U.S. Energy Secretary Steven Chu announced today the selections of six projects that aim to find ways of converting captured carbon dioxide emissions from industrial sources into useful products such as fuel, plastics, cement, and fertilizers.
The U.S. Department of Energy and Natural Resources Canada announced today a total of $5.2 million has been committed by the two governments to bring a benchmark carbon dioxide injection project to successful conclusion in 2011.
Three clean energy technology projects resulting from a 2009 agreement between the United States and China are kicking off a new collaborative research effort that will focus on managing carbon dioxide emissions and reducing the environmental impact of energy production.
Ten projects aimed at developing advanced technologies for capturing carbon dioxide from coal combustion have been selected by the U.S. Department of Energy under its Innovations for Existing Plants Program.
WASHINGTON, D.C. - The US Department of Energy announced today the selection of ten projects aimed at developing advanced technologies for capturing carbon dioxide (CO2) from coal combustion. The projects, valued at up to $67 million over three years, focus on reducing the energy and efficiency penalties associated with applying currently available carbon capture and storage (CCS) technologies to existing and new power plants.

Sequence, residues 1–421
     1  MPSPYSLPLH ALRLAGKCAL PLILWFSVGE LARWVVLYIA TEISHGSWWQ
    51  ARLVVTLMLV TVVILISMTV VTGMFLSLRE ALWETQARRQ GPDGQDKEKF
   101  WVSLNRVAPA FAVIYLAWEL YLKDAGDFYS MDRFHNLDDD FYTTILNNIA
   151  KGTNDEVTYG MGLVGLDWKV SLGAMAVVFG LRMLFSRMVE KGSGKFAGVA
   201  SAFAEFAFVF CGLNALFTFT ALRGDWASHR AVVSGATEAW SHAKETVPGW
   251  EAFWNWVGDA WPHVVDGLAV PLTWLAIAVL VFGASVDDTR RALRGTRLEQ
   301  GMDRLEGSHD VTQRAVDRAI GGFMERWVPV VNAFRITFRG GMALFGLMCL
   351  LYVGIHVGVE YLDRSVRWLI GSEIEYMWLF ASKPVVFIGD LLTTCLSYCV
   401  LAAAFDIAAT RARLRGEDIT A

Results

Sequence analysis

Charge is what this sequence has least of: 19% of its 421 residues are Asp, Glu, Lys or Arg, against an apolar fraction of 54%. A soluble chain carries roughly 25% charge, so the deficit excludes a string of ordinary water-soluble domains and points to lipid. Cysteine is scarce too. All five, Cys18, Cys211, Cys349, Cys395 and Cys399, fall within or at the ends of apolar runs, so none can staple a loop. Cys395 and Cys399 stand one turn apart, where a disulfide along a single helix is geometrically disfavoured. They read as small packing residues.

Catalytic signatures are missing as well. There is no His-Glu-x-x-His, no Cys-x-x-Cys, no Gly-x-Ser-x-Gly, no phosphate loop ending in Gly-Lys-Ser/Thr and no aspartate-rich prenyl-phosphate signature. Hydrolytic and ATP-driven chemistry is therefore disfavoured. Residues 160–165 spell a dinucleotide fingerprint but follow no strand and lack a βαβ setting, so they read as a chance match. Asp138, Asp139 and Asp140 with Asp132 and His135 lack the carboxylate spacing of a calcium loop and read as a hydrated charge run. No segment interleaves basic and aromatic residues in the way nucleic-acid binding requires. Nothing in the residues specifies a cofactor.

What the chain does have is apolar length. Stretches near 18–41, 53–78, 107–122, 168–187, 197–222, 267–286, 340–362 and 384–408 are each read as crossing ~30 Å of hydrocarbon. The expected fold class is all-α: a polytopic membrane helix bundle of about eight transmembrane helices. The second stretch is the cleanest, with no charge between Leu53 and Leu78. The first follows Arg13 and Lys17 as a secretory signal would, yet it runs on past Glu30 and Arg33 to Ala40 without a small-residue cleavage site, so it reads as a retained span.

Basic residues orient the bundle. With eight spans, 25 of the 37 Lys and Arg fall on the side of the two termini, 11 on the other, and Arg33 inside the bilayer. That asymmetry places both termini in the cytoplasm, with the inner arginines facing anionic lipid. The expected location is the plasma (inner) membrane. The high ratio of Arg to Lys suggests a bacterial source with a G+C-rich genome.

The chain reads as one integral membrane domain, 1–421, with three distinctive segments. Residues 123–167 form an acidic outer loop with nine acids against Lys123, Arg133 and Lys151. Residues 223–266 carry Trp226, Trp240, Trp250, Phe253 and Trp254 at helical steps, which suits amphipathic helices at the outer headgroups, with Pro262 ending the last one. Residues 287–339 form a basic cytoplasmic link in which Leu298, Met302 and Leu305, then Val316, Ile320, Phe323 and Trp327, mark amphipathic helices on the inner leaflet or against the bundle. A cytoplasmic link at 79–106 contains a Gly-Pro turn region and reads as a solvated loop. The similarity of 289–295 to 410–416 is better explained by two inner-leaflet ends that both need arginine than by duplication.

Research to help find ways of converting into useful products CO2 captured from emissions of power plants and industrial facilities will be conducted by six projects announced today by the U.S. Department of Energy.
A field test conducted by a U.S. Department of Energy team of regional partners has demonstrated that using carbon dioxide in an enhanced oil recovery method dubbed "huff-and-puff" can help assess the carbon sequestration potential of geologic formations while tapping America's valuable oil resources.
The U.S. Department of Energy has signed a cooperative agreement with NRG Energy Inc. for the Parish Post-Combustion CO2 Capture and Sequestration Project to design, construct, and operate a system that will capture and store approximately 400,000 tons of carbon dioxide per year.